Remembrance Day – What Should We Remember?

Remembrance Day, also known as Poppy Day, is a memorial day mostly observed in the UK and some Commonwealth countries. Just in case this is all news to you South Africa is, in fact, a member of the Commonwealth. So what/who are we supposed to remember? The day has been observed since the end of World War 1 to remember the members of the armed forces who died in the line of duty.

We live in a country where we have so much of our “own” recent, and not so recent, history to celebrate, commemorate and remember… people that died fighting, not in war, but fighting for change. I saw a couple of tweets yesterday (11 November) about the relevance of a day remembering people who died in a war that had nothing directly to do with lil ol’ South Africa.

The thing about World War 1 was that it really was a world war. It might not have happened on our doorstep, but i can guarantee you that our doorsteps might look a little different if the Allies hadn’t won.

When World War I broke out in 1914, the South African government chose to join the war on the side of the Allies. General Louis Botha, the then prime minister, faced widespread Afrikaner opposition to fighting alongside Great Britain so soon after the Anglo Boer War and had to put down a revolt by some of the more militant elements before he could send an force of 67,000 troops to invade German South-West Africa (now Namibia). (wiki)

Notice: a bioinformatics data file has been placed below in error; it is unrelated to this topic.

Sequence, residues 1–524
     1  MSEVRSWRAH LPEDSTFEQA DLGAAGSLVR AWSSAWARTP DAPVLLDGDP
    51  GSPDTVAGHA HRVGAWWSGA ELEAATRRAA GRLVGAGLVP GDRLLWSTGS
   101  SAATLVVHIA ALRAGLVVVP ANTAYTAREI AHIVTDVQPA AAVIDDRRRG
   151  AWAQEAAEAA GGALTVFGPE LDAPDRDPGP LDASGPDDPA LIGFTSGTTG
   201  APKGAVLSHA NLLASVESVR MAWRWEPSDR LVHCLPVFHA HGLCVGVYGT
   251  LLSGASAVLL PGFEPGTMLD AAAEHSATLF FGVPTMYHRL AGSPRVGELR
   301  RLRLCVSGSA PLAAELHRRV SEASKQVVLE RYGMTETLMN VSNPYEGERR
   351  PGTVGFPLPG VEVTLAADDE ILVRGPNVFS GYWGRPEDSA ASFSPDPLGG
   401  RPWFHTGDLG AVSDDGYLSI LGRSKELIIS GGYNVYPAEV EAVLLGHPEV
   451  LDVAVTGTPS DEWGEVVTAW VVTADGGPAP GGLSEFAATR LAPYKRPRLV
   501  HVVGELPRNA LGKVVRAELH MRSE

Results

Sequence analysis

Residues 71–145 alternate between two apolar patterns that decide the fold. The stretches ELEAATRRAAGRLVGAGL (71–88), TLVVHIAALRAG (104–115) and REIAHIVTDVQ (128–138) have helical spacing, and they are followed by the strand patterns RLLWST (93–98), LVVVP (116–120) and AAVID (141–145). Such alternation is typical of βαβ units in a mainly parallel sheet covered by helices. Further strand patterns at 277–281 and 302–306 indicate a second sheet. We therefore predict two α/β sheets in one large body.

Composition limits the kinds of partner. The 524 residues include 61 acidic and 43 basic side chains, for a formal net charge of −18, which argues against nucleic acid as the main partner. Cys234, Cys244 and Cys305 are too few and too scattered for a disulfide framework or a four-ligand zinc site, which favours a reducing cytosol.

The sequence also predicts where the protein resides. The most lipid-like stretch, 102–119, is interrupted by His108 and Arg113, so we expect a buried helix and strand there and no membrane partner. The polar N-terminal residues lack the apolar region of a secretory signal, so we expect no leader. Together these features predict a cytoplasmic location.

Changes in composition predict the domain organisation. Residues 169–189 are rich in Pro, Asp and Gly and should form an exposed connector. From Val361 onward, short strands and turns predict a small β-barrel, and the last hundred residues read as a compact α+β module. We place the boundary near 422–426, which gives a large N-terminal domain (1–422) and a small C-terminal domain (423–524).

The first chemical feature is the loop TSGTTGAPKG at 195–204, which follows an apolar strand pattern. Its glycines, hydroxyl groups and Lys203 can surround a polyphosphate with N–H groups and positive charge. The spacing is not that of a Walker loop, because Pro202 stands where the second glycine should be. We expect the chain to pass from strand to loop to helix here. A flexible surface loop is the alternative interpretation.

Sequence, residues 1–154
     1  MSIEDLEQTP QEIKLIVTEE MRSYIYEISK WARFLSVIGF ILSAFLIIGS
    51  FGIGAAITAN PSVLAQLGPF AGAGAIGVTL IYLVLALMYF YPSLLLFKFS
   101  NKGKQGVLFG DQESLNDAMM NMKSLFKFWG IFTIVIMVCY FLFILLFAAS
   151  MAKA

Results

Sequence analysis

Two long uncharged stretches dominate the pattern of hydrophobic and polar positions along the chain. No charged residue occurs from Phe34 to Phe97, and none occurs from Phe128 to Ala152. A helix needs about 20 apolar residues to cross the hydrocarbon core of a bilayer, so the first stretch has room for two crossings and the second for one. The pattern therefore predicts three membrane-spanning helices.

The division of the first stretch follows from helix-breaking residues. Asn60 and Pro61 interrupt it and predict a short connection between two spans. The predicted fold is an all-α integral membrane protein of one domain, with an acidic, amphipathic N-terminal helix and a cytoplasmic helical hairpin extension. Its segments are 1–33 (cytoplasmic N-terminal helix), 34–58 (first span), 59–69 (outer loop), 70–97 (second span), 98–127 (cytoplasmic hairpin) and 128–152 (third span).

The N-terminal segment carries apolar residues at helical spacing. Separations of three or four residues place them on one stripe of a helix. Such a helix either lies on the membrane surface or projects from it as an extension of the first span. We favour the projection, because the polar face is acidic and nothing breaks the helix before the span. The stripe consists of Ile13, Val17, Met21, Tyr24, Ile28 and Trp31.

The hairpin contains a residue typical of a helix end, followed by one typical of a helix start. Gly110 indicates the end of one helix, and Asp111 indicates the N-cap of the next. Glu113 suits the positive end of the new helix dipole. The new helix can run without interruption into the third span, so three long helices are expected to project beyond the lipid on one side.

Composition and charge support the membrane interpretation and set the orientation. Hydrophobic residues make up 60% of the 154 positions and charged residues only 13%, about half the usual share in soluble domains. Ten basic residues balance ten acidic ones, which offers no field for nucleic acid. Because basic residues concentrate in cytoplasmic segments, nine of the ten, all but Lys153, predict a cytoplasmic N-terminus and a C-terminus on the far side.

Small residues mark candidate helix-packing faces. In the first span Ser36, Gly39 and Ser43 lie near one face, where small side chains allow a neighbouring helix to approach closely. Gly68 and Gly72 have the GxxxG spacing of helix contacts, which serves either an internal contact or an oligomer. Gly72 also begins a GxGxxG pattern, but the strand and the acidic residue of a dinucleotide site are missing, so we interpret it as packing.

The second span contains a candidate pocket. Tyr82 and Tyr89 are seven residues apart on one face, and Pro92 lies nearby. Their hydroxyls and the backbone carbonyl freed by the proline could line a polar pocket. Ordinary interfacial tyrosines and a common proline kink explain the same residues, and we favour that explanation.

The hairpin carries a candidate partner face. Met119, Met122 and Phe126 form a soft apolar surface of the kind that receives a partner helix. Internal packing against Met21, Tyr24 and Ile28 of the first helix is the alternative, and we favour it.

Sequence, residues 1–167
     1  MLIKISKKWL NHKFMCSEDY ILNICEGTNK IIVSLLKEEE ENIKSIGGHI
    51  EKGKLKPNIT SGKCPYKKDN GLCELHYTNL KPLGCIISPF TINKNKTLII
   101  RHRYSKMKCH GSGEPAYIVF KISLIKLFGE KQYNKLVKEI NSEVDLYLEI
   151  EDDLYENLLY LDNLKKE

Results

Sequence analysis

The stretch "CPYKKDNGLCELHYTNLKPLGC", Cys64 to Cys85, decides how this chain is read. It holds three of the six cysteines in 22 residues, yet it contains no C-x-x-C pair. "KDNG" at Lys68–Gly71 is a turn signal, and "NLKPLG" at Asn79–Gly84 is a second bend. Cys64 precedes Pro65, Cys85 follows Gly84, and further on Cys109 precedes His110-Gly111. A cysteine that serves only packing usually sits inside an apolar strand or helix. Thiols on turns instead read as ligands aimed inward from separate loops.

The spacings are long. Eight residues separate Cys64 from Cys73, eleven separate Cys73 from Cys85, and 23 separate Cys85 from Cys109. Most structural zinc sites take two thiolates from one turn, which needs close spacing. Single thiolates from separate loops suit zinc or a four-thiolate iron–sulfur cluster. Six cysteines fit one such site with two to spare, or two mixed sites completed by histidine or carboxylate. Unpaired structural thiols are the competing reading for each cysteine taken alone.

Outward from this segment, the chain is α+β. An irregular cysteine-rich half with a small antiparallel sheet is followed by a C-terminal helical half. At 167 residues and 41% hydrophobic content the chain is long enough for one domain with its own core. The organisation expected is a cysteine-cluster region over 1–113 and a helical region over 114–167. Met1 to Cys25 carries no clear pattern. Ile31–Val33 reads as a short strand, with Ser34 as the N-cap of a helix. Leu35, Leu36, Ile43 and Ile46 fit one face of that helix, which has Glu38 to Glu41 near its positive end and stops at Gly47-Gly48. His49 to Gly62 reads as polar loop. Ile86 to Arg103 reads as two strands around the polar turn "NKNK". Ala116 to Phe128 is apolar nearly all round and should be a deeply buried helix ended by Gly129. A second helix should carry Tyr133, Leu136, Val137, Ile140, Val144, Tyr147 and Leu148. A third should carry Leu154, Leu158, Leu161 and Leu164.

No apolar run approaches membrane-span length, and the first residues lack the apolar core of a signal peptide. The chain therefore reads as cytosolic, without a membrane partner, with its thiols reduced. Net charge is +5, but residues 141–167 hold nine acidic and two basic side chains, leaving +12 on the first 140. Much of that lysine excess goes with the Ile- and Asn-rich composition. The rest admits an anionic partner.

In total, more than 146,000 whites, 83,000 blacks and 2,500 Coloureds and Asians served in South African military units during the war, including 43,000 in German South-West Africa and 30,000 on the Western Front. An estimated 3,000 South Africans also joined the Royal Flying Corps. (wiki)

What kills me is this: the total South African casualties during the war was about 18,600 with over 12,452 killed – more than 4,600 in the European theater alone.

Remembrance Day went by in South Africa with hardly a nod to those that died. So here i am, for what it’s worth, remembering them. They were a generation that had courage and bravery in excess, they went and fought a war in another country with the knowledge that they might never come back and enjoy the life they were fighting for. World War 1 has almost completely dropped out of living memory, as far as i know, the last living veteran from World War 1 died in February of this year.

If another World War broke out, and the call came for all able-bodied men & women to step forward and sign up to fight, would we? Scores of 18 – 25 year olds jumped on a boat to go and fight to protect their families and homes. Something tells me that the response would be less than overwhelming. Sacrifice isn’t something that our generation knows much of.

Justin Bieber was the top trend on Twitter on Remembrance Day. 

Lest we forget.


One Comment

  1. The high school i went to in Pietermaritzburg held a remembrance day ceremony every single year on the day or the nearest school day to the 11th November.

    So today at 11:00 hours, the entire school will gather in front of the war memorial outside Clark House, stand at attention, while all the names of the fallen soldiers are read out, the last post is played, a wreath is laid and the oldest remaining member of the old boys association that served in the armed forces in any conflict addresses the boys.

    And every year I can remember the simple words, “Never forget, for those men and women gave you what you have today.”

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